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11-15-2010, 07:22 PM   #1
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67 shutter lock for long exposures?

I'm doing some astro photography tonight. Since I can only get one shot per night, I'm a bit miffed that I'm not "recording" anything right now! The first shot, stupid me, I forgot to move the speed from 250 to B. My fault. The second shot, I put it on B, pressed the shutter release and then attempted to move the shutter lock to "L" as I would on my MX. No dice, it does not move while the shutter button is depressed. Is there any way to lock the shutter open other than using a cable release? Should I resort to zip ties to actuate the shutter tonight?

11-15-2010, 10:00 PM   #2
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Cable release.
11-15-2010, 10:04 PM   #3
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The manual (on p30) seems to suggest the need for a cable release fitted with a lock.
11-16-2010, 12:54 AM   #4
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Please note that the Pentax 6x7 (and I think it holds true for the later model models) will use up batteries for the time the shutter is opened. I learned it the hard way (one exposure through the night, no more batteries in the morning, it was a new one)

There are 67 specialy modified for Astrophotography that have been made. I suggest you google it if you are really into that.

11-16-2010, 05:10 AM   #5
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Thanks for the help guys! I'll go get a cable release today. I went ahead and took a shot with the MX instead. I'm aware of the battery limitations, at this point I don't plan on doing this enough to worry about it, but depending on how I like it I may have to do the mod.
11-16-2010, 06:23 AM   #6
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There's a way to lock the long exposures...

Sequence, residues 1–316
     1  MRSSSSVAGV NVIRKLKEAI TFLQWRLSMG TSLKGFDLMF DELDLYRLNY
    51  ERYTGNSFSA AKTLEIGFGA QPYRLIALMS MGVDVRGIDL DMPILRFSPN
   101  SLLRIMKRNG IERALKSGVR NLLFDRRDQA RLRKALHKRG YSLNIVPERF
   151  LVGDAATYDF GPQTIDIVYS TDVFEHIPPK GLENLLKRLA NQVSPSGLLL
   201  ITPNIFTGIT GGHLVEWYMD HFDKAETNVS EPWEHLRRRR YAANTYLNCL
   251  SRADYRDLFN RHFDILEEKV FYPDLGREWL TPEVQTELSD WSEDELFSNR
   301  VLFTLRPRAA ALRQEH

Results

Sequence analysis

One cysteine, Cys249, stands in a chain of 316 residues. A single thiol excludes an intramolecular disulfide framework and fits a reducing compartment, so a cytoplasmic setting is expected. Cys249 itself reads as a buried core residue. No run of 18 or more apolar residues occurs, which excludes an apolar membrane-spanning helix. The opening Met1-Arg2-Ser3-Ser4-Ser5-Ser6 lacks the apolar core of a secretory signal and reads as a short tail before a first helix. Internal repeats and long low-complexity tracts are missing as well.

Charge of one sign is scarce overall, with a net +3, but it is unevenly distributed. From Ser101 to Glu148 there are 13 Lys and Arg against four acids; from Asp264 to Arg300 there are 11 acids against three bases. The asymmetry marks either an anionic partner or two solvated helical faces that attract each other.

You have to put the speed dial in the area between the 1000 and the X there, when you push the shutter release it'll get locked...


I'll quote the 6x7 manual page 11

QuoteQuote:
Time Exposure
By setting the shutter speed dial anywhere in the space
between X and 1/1000 sec., you can take Time
exposures. To close the shutter, turn the speed
dial to X or 1/1000.
Double exposures cannot be made with this camera
11-16-2010, 06:52 AM   #7
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QuoteOriginally posted by Andres Quote
There's a way to lock the long exposures...

You have to put the speed dial in the area between the 1000 and the X there, when you push the shutter release it'll get locked...


I'll quote the 6x7 manual page 11
Yes, I've used that mode when I left my cable release at home. Double exposures can be done with the 90mm LS lens and this mode.
11-16-2010, 03:32 PM   #8
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Awesome! I'll give that a try tonight. Thanks

11-17-2010, 08:05 AM   #9
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This is becoming a 'tips and tricks' topic....
11-23-2010, 11:16 PM   #10
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QuoteOriginally posted by Andres Quote
There's a way to lock the long exposures...

You have to put the speed dial in the area between the 1000 and the X there, when you push the shutter release it'll get locked...


I'll quote the 6x7 manual page 11
Does this method still consume battery power like using the cable release?

Cheers
Shane
12-02-2010, 07:28 AM   #11
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QuoteOriginally posted by Isis Quote
Does this method still consume battery power like using the cable release?

Cheers
Shane
Good question... but I have no idea :P



QuoteOriginally posted by tuco Quote
Yes, I've used that mode when I left my cable release at home. Double exposures can be done with the 90mm LS lens and this mode.